How The Last of Us Subverts a Harmful, Centuries-Old LGBTQ+ Trope
The love seen in “Long, Long Time” does, indeed, last a long time.
When queer characters appear onscreen, the most cynical viewer can set their timer to when they inevitably die.
From books like The Big Sleep to TV shows like The 100, there’s a harmful tendency for queer characters to die, sometimes in gruesome ways. While recent pop culture has used the death of LGBTQ+ characters to foster sympathy, it has more malicious history. “Bury your gays,” as it is called, is rooted in widespread homophobia in the late 19th century, and was furthered by the advent of Hollywood’s Puritanical Hays Code. Sadly, it can still be seen on a handful of TV shows today.
The shorthand implication of burying your gays is that queer love is a death sentence. But in HBO’s The Last of Us, two men who fall in love in the apocalypse, actually get to live their lives, and for once, choose to go out on their own terms.
While the latest episode, “Long, Long Time” indeed ends on a heartbreaking note, the show should be recognized as a subversion of a harmful, centuries-old trope. It’s defended as much by co-creator Craig Mazin, who insists The Last of Us isn’t keeping up stale stereotypes, but mining further depth out of heavy stories about sacrifice, togetherness, and yes, love.
Spoilers for The Last of Us Episode 3 ahead.
In “Long, Long Time,” the acclaimed third episode of The Last of Us, Nick Offerman guest stars as “Bill,” a hardened survivalist who was more than prepared for the world to collapse. A few years into Bill’s isolation, he meets Frank (Murray Bartlett), a stranger who wanders into Bill’s traps but successfully infiltrates his way into Frank’s steely heart.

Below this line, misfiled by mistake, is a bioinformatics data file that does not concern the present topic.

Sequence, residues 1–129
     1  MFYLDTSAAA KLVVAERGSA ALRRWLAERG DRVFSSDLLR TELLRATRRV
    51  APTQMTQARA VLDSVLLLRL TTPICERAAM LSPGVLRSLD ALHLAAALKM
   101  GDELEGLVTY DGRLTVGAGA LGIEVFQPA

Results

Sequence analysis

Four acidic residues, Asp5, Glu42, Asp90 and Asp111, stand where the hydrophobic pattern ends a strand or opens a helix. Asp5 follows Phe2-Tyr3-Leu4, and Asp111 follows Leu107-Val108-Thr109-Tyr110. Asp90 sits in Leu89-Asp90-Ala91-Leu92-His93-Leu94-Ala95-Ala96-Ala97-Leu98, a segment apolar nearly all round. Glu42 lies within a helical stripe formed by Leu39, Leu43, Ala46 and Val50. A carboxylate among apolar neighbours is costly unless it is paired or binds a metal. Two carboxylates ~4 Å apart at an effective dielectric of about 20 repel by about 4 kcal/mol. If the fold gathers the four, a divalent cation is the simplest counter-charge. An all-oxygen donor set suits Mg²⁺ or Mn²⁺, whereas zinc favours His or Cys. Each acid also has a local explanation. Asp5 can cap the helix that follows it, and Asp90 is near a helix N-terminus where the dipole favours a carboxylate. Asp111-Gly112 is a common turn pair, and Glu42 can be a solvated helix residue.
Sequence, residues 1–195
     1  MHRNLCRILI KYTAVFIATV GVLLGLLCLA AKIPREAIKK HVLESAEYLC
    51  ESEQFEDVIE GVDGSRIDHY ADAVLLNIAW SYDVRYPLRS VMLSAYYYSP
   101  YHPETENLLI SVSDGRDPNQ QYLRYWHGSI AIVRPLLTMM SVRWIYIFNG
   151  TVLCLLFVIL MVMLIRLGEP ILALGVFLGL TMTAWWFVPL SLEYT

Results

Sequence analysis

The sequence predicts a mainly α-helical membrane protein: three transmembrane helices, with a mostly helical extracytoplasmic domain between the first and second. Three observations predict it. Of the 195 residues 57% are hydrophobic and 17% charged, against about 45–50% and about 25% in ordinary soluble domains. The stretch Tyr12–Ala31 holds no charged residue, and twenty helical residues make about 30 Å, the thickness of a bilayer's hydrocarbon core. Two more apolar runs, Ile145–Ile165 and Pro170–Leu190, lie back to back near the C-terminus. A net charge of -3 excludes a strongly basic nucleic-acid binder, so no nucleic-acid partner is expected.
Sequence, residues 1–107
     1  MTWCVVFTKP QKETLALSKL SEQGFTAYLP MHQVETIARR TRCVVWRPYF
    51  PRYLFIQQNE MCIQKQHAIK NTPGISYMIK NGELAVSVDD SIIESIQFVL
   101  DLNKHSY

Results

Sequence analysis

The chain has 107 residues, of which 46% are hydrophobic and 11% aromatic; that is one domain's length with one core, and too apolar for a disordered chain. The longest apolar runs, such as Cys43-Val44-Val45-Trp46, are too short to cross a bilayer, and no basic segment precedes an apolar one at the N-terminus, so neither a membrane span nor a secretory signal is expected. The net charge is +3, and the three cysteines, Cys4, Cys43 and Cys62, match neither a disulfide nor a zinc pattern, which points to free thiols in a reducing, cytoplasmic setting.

The original video game makes mention of Frank committing suicide after a falling-out with Bill. But the HBO show deepens Bill and Frank’s relationship to reveal just how these two polar opposites came together. The episode dedicates special time to this too; Frank and Bill’s relationship spans over 15 years. In the end, Frank, suffering from an unnamed illness of muscular degeneration, asks to be killed, but not before spending one last happy day with Bill. Bill obliges by crushing enough pills “to kill a horse” into their evening wine. But Bill pours a glass for himself, willfully choosing to go out with his lover.
“This isn’t the tragic suicide at the end of the play,” Bill says to Frank. “I’m old. I’m satisfied. And you were my purpose.”
In the official series podcast, hosted by actor Troy Baker (who starred as “Joel” in the video game), Craig Mazin says the line, lifted from playwright Mark Crowley, was to acknowledge the harmful “bury your gays” trope. As Mazin described to Baker in the podcast:
“There is a tradition, of essentially equating homosexuality with tragedy. And that a gay man couldn’t possibly just age and be happy and live long. And it was important for me to have Bill literally say, that’s not what this is.”
Mazin and Neil Druckmann (co-director of the game and co-showrunner on the series) both add that Bill and Frank have reached the end, and that even for the comparatively more healthy Bill, there isn’t much life left. Their willingness to go out on terms they’ve decided for themselves is what gives their story the power it has.
Unlike other stories where queer characters die young, The Last of Us is a sunset portrait of two aging men who have enjoyed a full life together. While the episode still ends in their deaths — and, as Mazin says on the podcast, as a means to propel the hetero lead character Joel, played by Pedro Pascal, to take watch over Ellie — it still allows viewers to take in their life. The good parts, the bad, and the beautiful.
The Last of Us airs Sunday nights on HBO.